Marine and Freshwater Research Marine and Freshwater Research Society
Advances in the aquatic sciences
RESEARCH ARTICLE

Comparable cross-taxa risk perception by means of chemical cues in marine and freshwater crustaceans

Rohan M. Brooker A B and Danielle L. Dixson A B C

A School of Marine Science and Policy, University of Delaware, Lewes, DE, USA.

B School of Biology, Georgia Institute of Technology, Atlanta, GA, USA.

C Corresponding author. Email: dixson@udel.edu

Marine and Freshwater Research - http://dx.doi.org/10.1071/MF16062
Submitted: 31 October 2015  Accepted: 30 March 2016   Published online: 23 June 2016

Abstract

Rapid identification of predation risk and modification of subsequent behaviour is essential for prey survival. In low-visibility aquatic environments, chemical cues emitted by hetero- and conspecific organisms may be an important information source if they identify risk or alternatively, indicate safety or resource availability. This study tested whether ecologically similar shrimp from disparate habitats have a comparable ability to identify predators from a range of taxa based on chemical cues. Shrimp from both temperate marine (Palaemon affinis) and tropical freshwater habitats (Caridina typus) exhibited similar behavioural responses, avoiding chemical cues from predatory heterospecifics, showing no response to non-predatory heterospecific cues, and preferring conspecific cues. These chemical cues also affected habitat selection, with structurally complex microhabitats favoured in the presence of predator cues but avoided in the presence of conspecific cues. The ability to differentiate predators from non-predators irrespective of taxa suggests identification might be due to the predator’s diet. An ability to alter behaviour based on vision-independent perception of ambient risk is likely to reduce capture risk while allowing individuals to maximise time spent on essential processes such as foraging.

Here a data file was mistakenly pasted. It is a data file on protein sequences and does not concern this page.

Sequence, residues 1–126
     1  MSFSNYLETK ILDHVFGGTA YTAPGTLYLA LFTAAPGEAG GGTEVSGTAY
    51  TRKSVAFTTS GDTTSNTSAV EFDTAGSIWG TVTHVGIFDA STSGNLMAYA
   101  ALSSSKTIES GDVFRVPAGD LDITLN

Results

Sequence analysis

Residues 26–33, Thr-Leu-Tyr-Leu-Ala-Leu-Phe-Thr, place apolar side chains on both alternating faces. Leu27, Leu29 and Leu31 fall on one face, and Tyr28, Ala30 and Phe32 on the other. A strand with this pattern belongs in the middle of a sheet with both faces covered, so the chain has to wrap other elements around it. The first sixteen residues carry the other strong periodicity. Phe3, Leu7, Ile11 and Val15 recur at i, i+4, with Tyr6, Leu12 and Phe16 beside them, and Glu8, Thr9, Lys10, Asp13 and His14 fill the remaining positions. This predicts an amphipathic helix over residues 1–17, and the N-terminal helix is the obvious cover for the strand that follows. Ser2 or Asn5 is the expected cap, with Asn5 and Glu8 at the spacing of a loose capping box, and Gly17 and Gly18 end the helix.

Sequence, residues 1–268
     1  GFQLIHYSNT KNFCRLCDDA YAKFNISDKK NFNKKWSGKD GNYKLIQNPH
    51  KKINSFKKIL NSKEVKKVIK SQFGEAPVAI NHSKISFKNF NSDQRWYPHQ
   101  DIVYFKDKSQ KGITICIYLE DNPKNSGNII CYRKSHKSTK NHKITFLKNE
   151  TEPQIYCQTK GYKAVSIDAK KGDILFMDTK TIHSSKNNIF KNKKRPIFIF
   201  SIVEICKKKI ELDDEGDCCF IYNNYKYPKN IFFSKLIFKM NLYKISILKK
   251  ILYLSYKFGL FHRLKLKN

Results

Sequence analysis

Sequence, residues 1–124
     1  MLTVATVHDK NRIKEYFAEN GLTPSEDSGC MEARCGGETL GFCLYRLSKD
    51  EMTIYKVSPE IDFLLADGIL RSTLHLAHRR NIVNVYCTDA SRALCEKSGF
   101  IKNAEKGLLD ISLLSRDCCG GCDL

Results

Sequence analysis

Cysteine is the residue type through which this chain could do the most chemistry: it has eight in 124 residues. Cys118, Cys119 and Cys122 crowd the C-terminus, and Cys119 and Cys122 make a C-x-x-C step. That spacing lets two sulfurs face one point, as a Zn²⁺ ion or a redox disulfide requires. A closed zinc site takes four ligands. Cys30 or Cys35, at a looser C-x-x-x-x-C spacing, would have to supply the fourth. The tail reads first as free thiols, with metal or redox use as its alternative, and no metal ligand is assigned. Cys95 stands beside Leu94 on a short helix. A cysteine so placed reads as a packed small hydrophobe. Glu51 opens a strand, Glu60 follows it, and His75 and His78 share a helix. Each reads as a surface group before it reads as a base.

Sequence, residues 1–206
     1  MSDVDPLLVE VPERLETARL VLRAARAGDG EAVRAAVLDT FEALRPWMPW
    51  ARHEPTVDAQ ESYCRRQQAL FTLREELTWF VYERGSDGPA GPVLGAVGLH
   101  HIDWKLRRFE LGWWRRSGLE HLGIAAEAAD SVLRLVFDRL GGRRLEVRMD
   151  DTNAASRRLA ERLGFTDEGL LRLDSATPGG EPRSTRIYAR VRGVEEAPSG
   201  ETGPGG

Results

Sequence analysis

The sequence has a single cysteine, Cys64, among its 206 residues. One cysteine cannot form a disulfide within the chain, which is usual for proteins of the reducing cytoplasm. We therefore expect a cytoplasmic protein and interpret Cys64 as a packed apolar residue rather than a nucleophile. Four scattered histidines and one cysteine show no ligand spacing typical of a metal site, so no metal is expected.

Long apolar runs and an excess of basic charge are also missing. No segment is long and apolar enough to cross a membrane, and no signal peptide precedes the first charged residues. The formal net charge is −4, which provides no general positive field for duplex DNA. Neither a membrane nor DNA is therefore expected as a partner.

Additional keywords: Caridea, conspecifics, habitat selection, intertidal zone, odour, olfaction, predation.


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